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Bully-proof armor

Program takes alternative approach to stop bullying

Mark Shepard’s  program mixes music and storytelling to help young people learn how to deal with bullies in a healthy way.

Mark Shepard’s program mixes music and storytelling to help young people learn how to deal with bullies in a healthy way.

— Finding exactly how to stop bullying has always been a question asked in schools. Today, the age-old problem is only getting more attention.

Mark Shepard thinks he has the answers to help kids become “bully-proof,” and he’ll be teaching them during an hourlong program at the Bethlehem Public Library on Thursday, Jan. 24. His approach to bullying is nontraditional, focusing on reducing harm and helping victims and tormenters to establish a relationship.

“I think today we’re criminalizing kids who are actually playing out fundamental dominance roles. My goal is to focus on the target, and help them understand how to stop being a target and turn the person coming at you into a friend,” he said.

Shepard has a personal viewpoint on the subject after being bullied throughout his childhood. He developed a show with music and fun themes to bring his recommendations to audiences of all ages, and it starts out with a story from Shepard’s youth, when he stood up to one of his tormenters. He uses the story to show the audience what he did right and what he did wrong in handling the situation. He then gives them different options that can help in their own lives.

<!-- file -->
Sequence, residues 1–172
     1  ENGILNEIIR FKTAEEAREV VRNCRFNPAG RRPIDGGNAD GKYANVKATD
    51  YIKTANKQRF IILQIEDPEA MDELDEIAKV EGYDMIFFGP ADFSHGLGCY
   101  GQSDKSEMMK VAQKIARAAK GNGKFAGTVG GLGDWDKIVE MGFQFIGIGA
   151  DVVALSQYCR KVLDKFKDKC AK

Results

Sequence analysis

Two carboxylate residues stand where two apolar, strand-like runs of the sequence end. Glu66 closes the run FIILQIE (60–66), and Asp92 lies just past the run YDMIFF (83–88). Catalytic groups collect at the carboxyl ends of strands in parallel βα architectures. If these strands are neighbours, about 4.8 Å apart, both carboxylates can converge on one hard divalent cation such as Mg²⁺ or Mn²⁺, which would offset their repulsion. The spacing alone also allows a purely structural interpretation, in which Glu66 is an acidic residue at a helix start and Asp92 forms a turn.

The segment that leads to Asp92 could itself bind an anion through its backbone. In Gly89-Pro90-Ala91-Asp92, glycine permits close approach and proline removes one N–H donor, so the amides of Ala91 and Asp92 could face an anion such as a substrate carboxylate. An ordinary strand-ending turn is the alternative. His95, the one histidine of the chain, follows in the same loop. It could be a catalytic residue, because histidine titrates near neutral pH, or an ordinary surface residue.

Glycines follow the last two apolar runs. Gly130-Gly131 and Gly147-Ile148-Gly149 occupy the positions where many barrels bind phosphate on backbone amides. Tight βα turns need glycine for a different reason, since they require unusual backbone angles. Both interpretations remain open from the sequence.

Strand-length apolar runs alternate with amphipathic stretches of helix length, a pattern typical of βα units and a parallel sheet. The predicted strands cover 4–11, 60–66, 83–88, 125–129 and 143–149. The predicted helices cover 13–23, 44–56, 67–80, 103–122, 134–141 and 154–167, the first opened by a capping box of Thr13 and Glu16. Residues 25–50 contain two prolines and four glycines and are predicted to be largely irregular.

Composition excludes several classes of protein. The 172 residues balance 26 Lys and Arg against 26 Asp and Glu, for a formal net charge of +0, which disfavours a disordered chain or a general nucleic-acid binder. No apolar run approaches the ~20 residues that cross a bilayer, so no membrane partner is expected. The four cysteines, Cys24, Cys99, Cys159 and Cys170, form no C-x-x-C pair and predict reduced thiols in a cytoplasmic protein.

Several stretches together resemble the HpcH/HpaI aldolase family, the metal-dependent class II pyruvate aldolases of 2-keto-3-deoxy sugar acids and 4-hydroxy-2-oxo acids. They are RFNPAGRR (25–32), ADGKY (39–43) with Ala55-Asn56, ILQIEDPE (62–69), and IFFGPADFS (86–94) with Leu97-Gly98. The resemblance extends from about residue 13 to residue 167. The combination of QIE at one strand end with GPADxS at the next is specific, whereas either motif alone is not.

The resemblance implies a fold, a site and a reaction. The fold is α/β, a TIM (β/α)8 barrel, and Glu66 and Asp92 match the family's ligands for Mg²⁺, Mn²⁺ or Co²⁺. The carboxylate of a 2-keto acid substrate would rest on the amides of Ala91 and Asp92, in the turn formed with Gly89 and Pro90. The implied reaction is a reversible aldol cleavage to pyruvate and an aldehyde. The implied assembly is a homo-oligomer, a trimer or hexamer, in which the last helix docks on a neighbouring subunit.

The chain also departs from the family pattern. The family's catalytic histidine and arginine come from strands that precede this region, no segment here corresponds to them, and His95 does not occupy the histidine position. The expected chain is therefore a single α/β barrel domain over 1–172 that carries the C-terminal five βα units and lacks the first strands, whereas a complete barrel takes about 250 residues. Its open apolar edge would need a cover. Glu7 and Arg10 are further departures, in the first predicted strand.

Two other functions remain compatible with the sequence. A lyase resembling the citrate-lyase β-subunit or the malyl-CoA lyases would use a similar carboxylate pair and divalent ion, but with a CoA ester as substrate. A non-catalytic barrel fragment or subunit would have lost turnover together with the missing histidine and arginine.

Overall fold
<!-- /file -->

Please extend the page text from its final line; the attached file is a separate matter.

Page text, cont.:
“I often use the audience to role play and demonstrate what is happening psychologically when someone is targeting someone else, and how the target actually has a lot of control to stop what is happening in the situation,” he said.

Shepard feels the key to stopping bullying is to empower kids to carry themselves more confidently and to train them to not give bullies the reaction they are looking for. A certain body language can help aggressors to no longer view people as targets.

“Every bully thinks of themselves as a victim,” he said. “There is a pecking order. Usually, bullies are hurting in some way and are just looking for a way to make themselves feel better.”

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